Dual or single gauge? Govert den Hartogh’s ‘dual-track’ assisted death | Amsterdam University Press Journals Online
2004
Volume 45, Issue 1
  • ISSN: 0167-2444
  • E-ISSN: 2949-8651

Abstract

Abstract

In (2023), Govert den Hartogh offers a ‘dual-track’ model for assisted death. According to Den Hartogh’s model, mere access to lethal drugs would be lawful on the basis of an autonomous decision (Track 1), while “full-blown physicianassisted death” (provision of lethal means under professional supervision and care) would be lawful in the presence of an autonomous decision and satisfaction of further conditions instantiating values including dignity and well-being (Track 2). I offer a critical reading of Den Hartogh’s argument in respect of the nature and justification of Track 1. I argue that permitting mere access to lethal medication may be both “lifting a blockade” (as Den Hartogh argues) and assisting an individual to die (as he denies). This conclusion about the of Track 1 opens the question of the sufficiency of Den Hartogh’s claim that autonomy is its sole normative ground. A revised account of the for Track 1 is possible, however. I argue that Track 1 assistance may be permissible on the same grounds as Den Hartogh provides for Track 2: autonomy in conjunction with other values (albeit in a different mix). Rather than conceive of Den Hartogh’s model for assisted death as ‘dual-track’, dual gauge, we might rather consider mere access to lethal drugs and full-blown physician assisted death as two services on a single normative gauge.

Loading

Article metrics loading...

/content/journals/10.5117/FEP2024.1.005.BLAC
2024-04-01
2024-05-24
Loading full text...

Full text loading...

References

  1. Atkins, K., “Autonomy and the Subjective Character of Experience,”Journal of Applied Philosophy17 (2000) 1, 71-79.
    [Google Scholar]
  2. Black, I., “Refusing Life-Prolonging Medical Treatment and the ECHR,”Oxford Journal of Legal Studies38 (2018) 2, 299-327.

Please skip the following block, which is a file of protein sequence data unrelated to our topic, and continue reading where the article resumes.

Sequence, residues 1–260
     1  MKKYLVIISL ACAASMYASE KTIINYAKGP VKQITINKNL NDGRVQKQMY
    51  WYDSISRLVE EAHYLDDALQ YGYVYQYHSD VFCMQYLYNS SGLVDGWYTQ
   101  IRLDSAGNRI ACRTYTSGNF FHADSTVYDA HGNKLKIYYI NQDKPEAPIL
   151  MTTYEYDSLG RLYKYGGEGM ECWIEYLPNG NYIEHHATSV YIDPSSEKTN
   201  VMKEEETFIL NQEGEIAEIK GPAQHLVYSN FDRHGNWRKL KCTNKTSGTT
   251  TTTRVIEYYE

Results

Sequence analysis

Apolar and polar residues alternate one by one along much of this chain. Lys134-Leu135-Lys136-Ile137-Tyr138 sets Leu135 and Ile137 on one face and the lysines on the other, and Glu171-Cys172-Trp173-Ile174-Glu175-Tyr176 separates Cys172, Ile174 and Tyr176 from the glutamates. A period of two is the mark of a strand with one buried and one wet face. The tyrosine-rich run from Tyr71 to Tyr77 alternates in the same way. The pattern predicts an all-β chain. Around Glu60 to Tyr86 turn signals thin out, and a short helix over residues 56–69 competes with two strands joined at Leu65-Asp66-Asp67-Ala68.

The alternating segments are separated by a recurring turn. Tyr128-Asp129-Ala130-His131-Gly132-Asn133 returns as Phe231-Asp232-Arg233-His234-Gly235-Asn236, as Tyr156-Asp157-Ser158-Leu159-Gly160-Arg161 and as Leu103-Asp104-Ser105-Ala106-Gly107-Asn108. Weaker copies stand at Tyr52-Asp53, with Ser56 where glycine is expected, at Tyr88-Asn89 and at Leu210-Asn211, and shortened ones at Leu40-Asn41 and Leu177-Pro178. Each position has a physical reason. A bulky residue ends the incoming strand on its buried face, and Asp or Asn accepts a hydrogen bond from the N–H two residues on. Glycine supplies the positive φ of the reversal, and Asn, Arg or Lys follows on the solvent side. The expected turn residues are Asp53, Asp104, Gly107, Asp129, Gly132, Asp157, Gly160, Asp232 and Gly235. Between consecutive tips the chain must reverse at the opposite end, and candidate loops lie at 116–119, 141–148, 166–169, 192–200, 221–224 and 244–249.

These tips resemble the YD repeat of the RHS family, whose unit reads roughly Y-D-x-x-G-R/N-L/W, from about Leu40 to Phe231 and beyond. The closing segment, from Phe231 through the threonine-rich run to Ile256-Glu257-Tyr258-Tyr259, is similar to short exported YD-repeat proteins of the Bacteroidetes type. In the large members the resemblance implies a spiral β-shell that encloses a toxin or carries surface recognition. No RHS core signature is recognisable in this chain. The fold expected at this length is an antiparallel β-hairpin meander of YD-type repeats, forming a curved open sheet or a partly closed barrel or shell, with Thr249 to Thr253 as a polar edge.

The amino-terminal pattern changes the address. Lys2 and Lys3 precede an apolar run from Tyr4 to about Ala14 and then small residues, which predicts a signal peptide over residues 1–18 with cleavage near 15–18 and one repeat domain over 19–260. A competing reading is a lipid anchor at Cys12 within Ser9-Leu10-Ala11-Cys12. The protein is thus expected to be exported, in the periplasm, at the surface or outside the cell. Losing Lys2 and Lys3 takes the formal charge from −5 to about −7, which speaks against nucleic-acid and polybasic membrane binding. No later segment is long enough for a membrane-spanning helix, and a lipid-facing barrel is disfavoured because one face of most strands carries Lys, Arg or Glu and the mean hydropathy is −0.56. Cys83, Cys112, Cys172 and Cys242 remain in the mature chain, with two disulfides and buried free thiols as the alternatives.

[Google Scholar]
  3. Black, I., “A Pro Tanto Moral Case for Assisted Death” in Westwood, S. (Ed.), Regulating the end of life: death rights. London: Routledge2021.
    [Google Scholar]
  4. Dworkin, G., The Theory and Practice of Autonomy. Cambridge: Cambridge University Press, 1988.
    [Google Scholar]
  5. Feinberg, J., Harm to Self. New York: Oxford University Press1986.
    [Google Scholar]
  6. Foot, P., “Euthanasia,”Philosophy & Public Affairs6 (1977) 2, 85-112.
    [Google Scholar]
  7. Den Hartogh, G., What Kind of Death. The Ethics of Determining One’s Own Death. New York: Routledge, 2023.
    [Google Scholar]
  8. Hurka, T., “Why Value Autonomy?,”Social Theory and Practice13 (1987) 3, 361-382.
    [Google Scholar]
  9. Kamm, F.M., “Physician-Assisted Suicide, the Doctrine of Double Effect, and the Ground of Value,”Ethics109 (1999) 3, 586-605.
    [Google Scholar]
  10. Mackenzie, C., “Relational Autonomy, Normative Authority and Perfectionism,”Journal of Social Philosophy39 (2008) 4, 512-533.
    [Google Scholar]
  11. Nagel, T., “Personal Rights and Public Space,”Philosophy & Public Affairs24 (1995) 2, 83-107.
    [Google Scholar]
  12. Raz, J., The Morality of Freedom. Oxford: Clarendon Press, 1986.
    [Google Scholar]
  13. Raz, J., “Death in Our Life,”Journal of Applied Philosophy30 (2013) 1, 1-11.
    [Google Scholar]
  14. Richardson, H.S., “Specifying Norms as a Way to Resolve Concrete Ethical Problems,”Philosophy and Public Affairs19 (1990) 4, 279-310.
    [Google Scholar]
  15. Sumner, L., Assisted Death: A Study in Ethics andLlaw. Oxford: Oxford University Press, 2011.
    [Google Scholar]
  16. Wedgwood, R., “Intrinsic Values and Reasons for Action,”Philosophical Issues19 (2009), 321-342.
    [Google Scholar]
http://instance.metastore.ingenta.com/content/journals/10.5117/FEP2024.1.005.BLAC
Loading
This is a required field
Please enter a valid email address
Approval was a Success
Invalid data
An Error Occurred
Approval was partially successful, following selected items could not be processed due to error